If you are a professional writer, you’re probably aware of the increasing number of success stories in self-publishing, but it’s useful to be aware of the common pitfalls that can stop good writers in their tracks and contribute to the shaky reputation of self-publishing. Here are some of the common errors that self-publishers make and how to avoid making the same ones yourself.
1. Publishing too soon
Because self-publishing has become relatively quick and easy in recent years, it can be tempting to just sit down, pound out your manuscript, and send it into the world without taking the time to learn about how to write a novel, establish your market, or evaluate your story for its strengths and weaknesses. Make sure your book has been thoroughly proofread and edited by a professional editor before you self-publish. And if you have a great idea but find the task of researching and writing too much, you may even consider hiring a ghostwriter.
2. Thinking you can do all the work yourself
One of the benefits of self-publishing is that there is such easy access to it. It’s tempting to research, write, edit, package, and market your own work, saving on costs and time. Not only will this drive you mad, but it can leave you with a mess of a product. Make sure you hire professional editors and book packagers, or you will end up with a sloppy book that no-one will want to read.
3. Forgetting about the nitty gritty
The converse of the above mistake is forgetting to do all of these things, or convincing yourself they are unimportant. The thing about self-publishing is that, while you are not tied to a publishing house’s way of doing things, which can mean more freedom, you also have to figure out how to do all the things a publisher would do for you. So you’ll need to figure out your market, try to sell your book to them; you’ll need to get the book reviewed, effectively package and distribute it, etc. By self-publishing, you’re essentially starting your own small business, and you need to be prepared for what that means.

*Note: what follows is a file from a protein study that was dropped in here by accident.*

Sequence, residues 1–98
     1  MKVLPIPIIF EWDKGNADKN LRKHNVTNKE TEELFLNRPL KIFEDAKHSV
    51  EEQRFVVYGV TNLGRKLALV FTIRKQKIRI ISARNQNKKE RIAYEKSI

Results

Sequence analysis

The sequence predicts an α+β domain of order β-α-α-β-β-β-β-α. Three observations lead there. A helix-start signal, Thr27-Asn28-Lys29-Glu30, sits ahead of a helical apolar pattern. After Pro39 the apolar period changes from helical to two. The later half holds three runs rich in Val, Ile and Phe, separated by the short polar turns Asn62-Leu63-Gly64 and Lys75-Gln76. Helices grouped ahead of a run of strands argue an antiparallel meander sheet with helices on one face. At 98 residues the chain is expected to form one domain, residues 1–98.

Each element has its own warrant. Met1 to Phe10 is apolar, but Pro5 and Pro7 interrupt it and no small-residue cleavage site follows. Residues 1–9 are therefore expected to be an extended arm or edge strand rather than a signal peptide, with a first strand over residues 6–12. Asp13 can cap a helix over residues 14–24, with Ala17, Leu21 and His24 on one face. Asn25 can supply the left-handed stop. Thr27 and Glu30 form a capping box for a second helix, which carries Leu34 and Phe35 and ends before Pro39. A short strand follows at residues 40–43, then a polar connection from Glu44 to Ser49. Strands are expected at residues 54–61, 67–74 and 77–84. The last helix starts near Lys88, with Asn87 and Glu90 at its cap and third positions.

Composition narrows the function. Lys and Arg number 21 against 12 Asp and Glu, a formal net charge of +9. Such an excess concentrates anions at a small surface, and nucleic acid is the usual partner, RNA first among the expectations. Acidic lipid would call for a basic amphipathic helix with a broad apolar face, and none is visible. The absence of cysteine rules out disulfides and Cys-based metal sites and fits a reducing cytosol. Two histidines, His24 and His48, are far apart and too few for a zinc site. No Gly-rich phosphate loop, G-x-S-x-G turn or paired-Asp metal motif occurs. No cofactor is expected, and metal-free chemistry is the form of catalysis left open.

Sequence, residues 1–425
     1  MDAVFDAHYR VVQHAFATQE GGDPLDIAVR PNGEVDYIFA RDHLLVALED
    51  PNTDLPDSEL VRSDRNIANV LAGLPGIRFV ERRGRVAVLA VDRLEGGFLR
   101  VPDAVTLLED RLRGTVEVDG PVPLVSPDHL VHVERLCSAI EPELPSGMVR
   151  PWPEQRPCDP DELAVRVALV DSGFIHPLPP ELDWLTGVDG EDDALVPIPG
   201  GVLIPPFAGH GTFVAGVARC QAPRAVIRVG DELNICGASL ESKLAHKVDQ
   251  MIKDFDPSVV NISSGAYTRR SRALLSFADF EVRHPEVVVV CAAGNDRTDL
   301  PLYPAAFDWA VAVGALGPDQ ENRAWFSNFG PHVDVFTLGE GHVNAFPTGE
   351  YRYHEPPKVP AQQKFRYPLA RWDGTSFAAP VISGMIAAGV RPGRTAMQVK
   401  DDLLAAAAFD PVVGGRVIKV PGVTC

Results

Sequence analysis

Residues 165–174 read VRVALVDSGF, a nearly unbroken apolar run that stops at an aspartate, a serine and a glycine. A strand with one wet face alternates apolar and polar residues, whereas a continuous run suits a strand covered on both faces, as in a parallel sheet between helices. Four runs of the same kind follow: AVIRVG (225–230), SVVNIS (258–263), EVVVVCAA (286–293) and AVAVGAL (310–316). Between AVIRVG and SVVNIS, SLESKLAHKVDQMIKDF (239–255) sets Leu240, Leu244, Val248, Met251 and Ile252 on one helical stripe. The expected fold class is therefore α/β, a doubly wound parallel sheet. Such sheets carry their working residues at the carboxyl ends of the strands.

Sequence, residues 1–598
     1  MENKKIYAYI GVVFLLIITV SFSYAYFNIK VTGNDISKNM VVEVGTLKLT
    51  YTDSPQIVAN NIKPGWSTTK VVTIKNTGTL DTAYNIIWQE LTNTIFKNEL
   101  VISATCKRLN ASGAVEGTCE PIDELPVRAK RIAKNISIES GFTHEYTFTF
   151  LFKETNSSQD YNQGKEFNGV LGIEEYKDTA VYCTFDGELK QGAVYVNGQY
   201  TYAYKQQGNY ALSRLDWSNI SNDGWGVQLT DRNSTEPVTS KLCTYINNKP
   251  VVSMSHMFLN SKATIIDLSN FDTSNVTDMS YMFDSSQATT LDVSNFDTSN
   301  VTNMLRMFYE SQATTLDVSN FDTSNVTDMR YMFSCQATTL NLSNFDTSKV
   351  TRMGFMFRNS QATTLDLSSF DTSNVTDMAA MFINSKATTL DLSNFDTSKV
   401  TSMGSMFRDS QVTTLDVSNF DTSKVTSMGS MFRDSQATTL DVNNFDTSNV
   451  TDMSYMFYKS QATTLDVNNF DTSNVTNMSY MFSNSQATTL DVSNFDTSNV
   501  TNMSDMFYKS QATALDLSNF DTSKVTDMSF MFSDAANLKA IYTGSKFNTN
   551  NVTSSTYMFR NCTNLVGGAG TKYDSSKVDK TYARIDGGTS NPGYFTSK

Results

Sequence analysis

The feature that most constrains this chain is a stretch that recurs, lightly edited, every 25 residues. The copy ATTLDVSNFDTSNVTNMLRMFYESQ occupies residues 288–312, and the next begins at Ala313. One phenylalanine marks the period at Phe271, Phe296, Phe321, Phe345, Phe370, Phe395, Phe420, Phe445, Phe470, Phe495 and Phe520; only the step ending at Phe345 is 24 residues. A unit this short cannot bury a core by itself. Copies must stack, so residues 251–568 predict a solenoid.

4. Skimping on book design
It might sound petty, but little elements like typeface, margin size, and line-spacing can make a real difference to how people read and receive your book. If you don’t have an eye for design or don’t know much about layout, do yourself and your book a favor and hire professional help. It will make a big difference in making your book look the part. On that note, you should also carefully consider your cover art. As this is the first thing people will usually see of your book, it is best to spend more rather than less, and get it looking really professional and eye-catching.
5. Expecting instant success
Even if you do everything exactly as the experts suggest, you are still unlikely to bask in the glow of immediate success after your first book. Be prepared to do everything you need to do for book one, and then be prepared to move on. Nothing helps a writer gain traction more than writing and publishing more books. This gives you more legitimacy and allows you to use your titles to market each other, which can expand your readership and your following. Once you start gaining that interest with your audience, it should be easy to keep their attention, as you have more than one title to offer them.
Robin Field holds a BA in English and Linguistics from the University of Cape Town where she is currently working toward her Master’s degree in Linguistics with a focus on gender and game studies.